Latitude Adjustment: Alumna Has Healthy Outlook on Her New Life in America

Nilufer Mutlu and her family were among the more than 300,000 ethnic Turks driven out of Bulgaria in 1989. After Communism ended in Europe, she returned to Bulgaria but was unable to

Nilufer Mutlu and her family were among the more than 300,000 ethnic Turks driven out of Bulgaria in 1989. After Communism ended in Europe, she returned to Bulgaria but was unable to realize her dream of becoming a nurse.

She brought one suitcase with her from Bulgaria. After the 12-hour flight from Istanbul via Amsterdam, she was nervous and excited to start her new life. Beside her was her fiancé, Behrang, an American she had met in Istanbul two years earlier. She did not speak any English, though she knew Russian, Bulgarian, Turkish, and French. Upon arrival in Houston, the couple was separated; she had to go through a detailed customs and immigration interview.

“By the time they escorted me to the luggage area two hours later,” she says, “I saw my fiancé and the only suitcase remaining there was mine. It was opened and broken, but nothing was missing. I probably filled it too much.”

Nilufer Mutlu ’14’s almond-shaped eyes suggest Persian ancestry. A Slavic accent hints at her Eastern European origins. Her petite frame and calm demeanor conceal a deep-seated resiliency and determination. She says she likes change and is adventurous by nature. When making the decision to leave home—neighborhoods, traditions, and family—the decision was easy: “We weren’t treated very well any place we lived,” she says.

When Nilufer was 10, the Communist government in Bulgaria banned the Turkish language—her native tongue—and forced all ethnic Turks to choose new Slavic names. The efforts were aimed at assimilating the minority Muslim population, which comprised a tenth of the population, and who had lived peacefully inside Bulgaria for 500 years, dating back to the Ottoman Empire.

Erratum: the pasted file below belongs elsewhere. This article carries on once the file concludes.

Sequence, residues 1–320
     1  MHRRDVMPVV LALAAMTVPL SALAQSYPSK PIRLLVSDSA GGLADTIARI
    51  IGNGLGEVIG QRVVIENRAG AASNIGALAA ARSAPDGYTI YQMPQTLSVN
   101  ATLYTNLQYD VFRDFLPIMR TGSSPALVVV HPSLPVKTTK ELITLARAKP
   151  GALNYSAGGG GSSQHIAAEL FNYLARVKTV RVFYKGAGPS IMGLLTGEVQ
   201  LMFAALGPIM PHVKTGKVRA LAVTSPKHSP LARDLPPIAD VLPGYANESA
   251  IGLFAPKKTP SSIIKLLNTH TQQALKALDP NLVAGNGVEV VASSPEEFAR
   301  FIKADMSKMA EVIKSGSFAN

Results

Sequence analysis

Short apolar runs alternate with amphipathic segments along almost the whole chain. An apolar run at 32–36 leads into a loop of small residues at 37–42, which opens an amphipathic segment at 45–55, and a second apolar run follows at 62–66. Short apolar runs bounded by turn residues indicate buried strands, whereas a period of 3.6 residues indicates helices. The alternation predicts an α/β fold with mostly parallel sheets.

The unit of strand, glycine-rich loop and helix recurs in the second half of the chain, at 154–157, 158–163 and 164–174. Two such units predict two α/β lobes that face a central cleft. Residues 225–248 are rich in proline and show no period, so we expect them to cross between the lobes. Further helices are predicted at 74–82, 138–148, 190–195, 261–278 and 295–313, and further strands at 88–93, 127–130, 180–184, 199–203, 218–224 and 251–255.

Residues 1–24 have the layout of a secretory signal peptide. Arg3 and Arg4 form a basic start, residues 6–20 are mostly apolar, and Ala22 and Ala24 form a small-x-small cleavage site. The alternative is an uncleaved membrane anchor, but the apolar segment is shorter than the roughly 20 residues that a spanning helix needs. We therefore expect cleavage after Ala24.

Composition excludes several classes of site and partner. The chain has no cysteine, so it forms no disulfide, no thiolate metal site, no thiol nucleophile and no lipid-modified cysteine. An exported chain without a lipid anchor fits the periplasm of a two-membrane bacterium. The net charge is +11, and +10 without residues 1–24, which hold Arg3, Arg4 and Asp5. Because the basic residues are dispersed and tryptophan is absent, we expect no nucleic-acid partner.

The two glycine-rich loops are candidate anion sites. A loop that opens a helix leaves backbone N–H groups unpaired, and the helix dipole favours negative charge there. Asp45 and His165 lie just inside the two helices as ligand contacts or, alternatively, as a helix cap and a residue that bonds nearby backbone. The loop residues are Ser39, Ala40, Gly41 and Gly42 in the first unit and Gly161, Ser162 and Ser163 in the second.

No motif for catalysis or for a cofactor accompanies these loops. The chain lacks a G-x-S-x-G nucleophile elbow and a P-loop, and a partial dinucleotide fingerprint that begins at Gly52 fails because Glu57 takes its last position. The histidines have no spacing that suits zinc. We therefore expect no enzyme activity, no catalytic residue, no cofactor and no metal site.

Nilufer remembers when police first came to their door. They told the family they had 24 hours to rename themselves. She was in third grade.

“I went to school the next day, and the teacher said, ‘Now introduce yourself to the class in your Bulgarian name. You can no longer use the Turkish name or speak Turkish.”

Nilufer became Natalia.

Still, government pressure mounted against them, due in part to organized protests against their forced renaming. In 1989, more than 300,000 people were driven out of the country completely. Nilufer’s family was among them.

“My family and I, and many other Turkish families, were given 24 hours to leave Bulgaria. We left with one car, five family members, and three pieces of luggage. At that time, I was 13 years old.”

Her father left his auto repair shop; her mother, a nurse, hoped to find work in Istanbul. Natalia and her two sisters started school not speaking any Turkish. Though they did see friends from Bulgaria, others who were displaced, they were outsiders—and treated as such.

“I could not wait to graduate from high school and go back to Bulgaria,” she says. “Many of my friends were going back to study there. The lifestyle was more fun, and it was the culture that we were familiar with. The culture in Turkey was very different, suppressed, negative. I felt like I did not have any freedom there.”

Things changed after the Berlin Wall fell on November 9, 1989. Bulgaria followed suit by ousting its longtime communist dictator. By 1990, the new ruling party in Bulgaria restored cultural rights to ethnic Turks and welcomed them back.

The family split for practical purposes: her grandparents and father returned to reclaim the family’s property, while her mother remained behind in Turkey, where wages were better, with Nilufer and her two sisters. After graduation from Dr. Kemal Naci Eksi High School, Nilufer enrolled in nursing school in Varna, Bulgaria.

“I loved the nursing program, but tuition was very expensive.” Because she was considered a Turkish citizen, a foreigner, she paid a higher rate. After struggling to pay, she had to withdraw from school—just before graduation.

Disappointed and angry, she returned to Istanbul where her older sister, Nilgun, a doctor, helped her land a medical assistant job at Düzen Laboratuvari, a prestigious private laboratory. That was the last job she worked before coming to America.

“I knew one day I would finish nursing school,” she says. “I did not know it would be here in America, in English. Now I know that God had a better and bigger plan for me, and everything happened for a good reason.”

From Turkey to Takoma Park

Five days after landing in Houston, Nilufer and Behrang moved to Maryland. He had completed a PhD in physics at Rice University and was going to start a new job as a researcher for NIST, the National Institute of Standards and Technology in Gaithersburg. Along the 1,400-mile road trip, Nilufer saw the country through the lens of a hopeful immigrant. The large food portions surprised her, and she found the people friendly, places clean, and society organized.